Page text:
Well, yes. That was my point about minimalist elegance. The M4-P has too many framelines. And the rewind can be distorted by a knock: mine was. I also have an M2 -- with a rapid loading spool...

Cheers,

R.
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Old 10-03-2018   #23
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M4 1st choice M2 second. I would buy one and send it immediately to DAG with a note saying you need a CLA and it back by Dec.
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Old 10-03-2018   #24
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M2 works well for me but a CL often ends up being the choice for travel. If I could have only one it'd be the M2
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Old 10-03-2018   #25
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If you can get one in your price range, an M4. Quick load l, rapid rewind, and traditional Leica quality. The viewinder has four frame lines - 35, 50, 90, and 135 so it's not cluttered. A smooth shooting classic but no meter. Either use the M8 meter or get the tiny Sekonic incident meter. Whatever you get, buy it a couple of months before your trip and give it a good workout so you are comfortable with it and equally sure it's working well.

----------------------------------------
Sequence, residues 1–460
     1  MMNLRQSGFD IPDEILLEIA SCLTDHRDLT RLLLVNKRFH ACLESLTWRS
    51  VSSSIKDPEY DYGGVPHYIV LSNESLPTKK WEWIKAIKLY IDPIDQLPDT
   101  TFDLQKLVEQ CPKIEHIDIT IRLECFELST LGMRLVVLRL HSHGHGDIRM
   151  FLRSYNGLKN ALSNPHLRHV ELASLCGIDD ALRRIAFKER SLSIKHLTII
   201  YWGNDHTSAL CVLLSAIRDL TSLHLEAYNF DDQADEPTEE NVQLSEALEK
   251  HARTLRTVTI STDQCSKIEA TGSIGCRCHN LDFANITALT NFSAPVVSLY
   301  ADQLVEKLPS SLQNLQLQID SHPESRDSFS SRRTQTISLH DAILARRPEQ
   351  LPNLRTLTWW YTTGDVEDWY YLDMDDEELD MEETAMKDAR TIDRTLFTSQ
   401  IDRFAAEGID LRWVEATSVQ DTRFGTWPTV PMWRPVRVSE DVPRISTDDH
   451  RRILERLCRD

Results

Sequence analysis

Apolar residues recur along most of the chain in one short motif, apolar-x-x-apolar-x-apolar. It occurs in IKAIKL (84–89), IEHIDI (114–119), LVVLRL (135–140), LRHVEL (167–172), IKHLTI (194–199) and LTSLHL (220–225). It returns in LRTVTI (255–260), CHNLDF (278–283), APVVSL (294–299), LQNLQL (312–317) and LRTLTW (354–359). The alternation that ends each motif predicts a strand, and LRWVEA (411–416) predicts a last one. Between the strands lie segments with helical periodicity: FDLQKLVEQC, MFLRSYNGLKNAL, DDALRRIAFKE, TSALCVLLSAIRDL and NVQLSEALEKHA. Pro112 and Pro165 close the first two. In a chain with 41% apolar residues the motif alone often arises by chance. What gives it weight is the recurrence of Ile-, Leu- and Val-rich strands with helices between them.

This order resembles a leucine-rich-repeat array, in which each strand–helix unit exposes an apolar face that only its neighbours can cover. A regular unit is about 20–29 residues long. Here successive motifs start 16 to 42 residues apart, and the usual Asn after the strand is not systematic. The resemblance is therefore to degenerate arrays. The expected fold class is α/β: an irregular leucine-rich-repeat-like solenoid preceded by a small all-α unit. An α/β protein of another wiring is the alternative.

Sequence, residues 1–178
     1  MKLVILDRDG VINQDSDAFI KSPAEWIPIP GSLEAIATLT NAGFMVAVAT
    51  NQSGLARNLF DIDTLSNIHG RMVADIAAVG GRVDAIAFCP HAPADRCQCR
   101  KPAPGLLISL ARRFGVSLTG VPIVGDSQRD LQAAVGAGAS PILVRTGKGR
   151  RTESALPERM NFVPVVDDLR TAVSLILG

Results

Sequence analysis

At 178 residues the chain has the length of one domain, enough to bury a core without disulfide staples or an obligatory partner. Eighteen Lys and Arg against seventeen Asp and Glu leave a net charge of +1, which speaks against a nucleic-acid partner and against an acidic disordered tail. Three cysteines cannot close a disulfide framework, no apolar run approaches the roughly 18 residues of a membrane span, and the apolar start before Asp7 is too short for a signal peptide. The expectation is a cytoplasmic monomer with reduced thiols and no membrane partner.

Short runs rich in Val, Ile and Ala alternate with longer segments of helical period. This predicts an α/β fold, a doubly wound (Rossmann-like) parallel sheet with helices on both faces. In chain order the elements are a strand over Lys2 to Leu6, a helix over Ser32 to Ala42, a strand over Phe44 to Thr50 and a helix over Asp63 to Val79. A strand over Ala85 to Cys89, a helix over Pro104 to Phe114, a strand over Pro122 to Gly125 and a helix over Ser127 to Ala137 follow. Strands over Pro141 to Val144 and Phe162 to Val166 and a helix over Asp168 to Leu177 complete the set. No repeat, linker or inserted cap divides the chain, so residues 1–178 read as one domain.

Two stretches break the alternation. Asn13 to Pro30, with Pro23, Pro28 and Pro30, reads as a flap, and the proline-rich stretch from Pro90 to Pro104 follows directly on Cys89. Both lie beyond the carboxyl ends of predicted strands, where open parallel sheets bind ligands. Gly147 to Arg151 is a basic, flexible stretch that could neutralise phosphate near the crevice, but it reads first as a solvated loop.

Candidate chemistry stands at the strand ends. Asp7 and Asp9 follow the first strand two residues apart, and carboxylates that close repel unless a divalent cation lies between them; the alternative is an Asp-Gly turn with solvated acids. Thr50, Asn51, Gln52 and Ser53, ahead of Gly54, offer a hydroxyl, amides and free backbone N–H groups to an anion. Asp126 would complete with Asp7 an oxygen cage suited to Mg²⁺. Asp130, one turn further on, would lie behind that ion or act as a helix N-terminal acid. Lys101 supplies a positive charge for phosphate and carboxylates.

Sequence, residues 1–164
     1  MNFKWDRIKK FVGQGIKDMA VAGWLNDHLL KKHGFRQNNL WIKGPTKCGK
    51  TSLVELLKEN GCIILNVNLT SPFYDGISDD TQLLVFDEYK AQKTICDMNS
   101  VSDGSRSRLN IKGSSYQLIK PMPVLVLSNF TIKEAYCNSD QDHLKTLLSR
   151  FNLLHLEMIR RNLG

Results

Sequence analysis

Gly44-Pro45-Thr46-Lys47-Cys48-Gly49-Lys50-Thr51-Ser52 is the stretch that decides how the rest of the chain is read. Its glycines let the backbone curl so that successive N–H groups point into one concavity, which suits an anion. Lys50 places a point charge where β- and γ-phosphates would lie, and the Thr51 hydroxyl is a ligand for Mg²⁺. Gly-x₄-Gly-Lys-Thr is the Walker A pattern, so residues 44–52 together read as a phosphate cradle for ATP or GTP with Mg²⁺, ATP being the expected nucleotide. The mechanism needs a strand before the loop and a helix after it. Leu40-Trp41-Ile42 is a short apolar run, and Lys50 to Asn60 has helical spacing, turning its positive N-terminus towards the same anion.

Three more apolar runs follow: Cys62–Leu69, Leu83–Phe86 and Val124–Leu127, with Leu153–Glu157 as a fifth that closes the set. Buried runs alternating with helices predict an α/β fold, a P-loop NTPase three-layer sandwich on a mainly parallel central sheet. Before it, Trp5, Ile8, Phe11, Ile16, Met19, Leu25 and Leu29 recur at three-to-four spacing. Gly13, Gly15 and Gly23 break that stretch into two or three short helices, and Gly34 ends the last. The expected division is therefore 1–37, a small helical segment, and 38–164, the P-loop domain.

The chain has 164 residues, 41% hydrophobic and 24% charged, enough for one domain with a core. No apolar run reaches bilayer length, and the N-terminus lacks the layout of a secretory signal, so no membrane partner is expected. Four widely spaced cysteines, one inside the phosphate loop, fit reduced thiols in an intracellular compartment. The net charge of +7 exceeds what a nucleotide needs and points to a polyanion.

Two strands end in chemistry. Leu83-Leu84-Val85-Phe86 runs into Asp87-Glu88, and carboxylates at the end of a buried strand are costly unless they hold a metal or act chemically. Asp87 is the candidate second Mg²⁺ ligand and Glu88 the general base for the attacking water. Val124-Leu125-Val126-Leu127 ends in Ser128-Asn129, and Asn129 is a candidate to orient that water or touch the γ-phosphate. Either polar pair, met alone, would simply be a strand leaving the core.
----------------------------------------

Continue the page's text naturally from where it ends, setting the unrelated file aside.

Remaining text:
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Old 10-03-2018   #26
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The M4-P has all the features of the M2, plus quick loading and rapid rewind. And 28mm and 75mm framelines. The M4-P is newer than the M2 as well, and costs no more--maybe even less.
If you don't want the 28 and 75 frame lines, the M4-2 doesn't have them and gives a much cleaner view.
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Old 10-03-2018   #27
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I am almost decided on a beautiful silver M4 from Red Dot Cameras, comes with a 6-month warranty and it is well within my budget. I will do some final check on those M5's anyway, I know the exposure meter is a very useful feature and the M6 is out of my budget.

Thank you all for your suggestions!!
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Old 10-03-2018   #28
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For prospective purchasers, be careful. Sherry may sell them, but unless she specifically states she has serviced them she has not.
A recent buyer (on this site I think) ran into that, when the camera he bought failed and she wouldn't warranty it as she said she hadn't serviced it.
I see.. that's a bummer. Luckily she'd told me mine had been serviced a couple months before I bought it, but that's kinda messed up about the other guy's warranty, or lack thereof.
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Old 10-03-2018   #29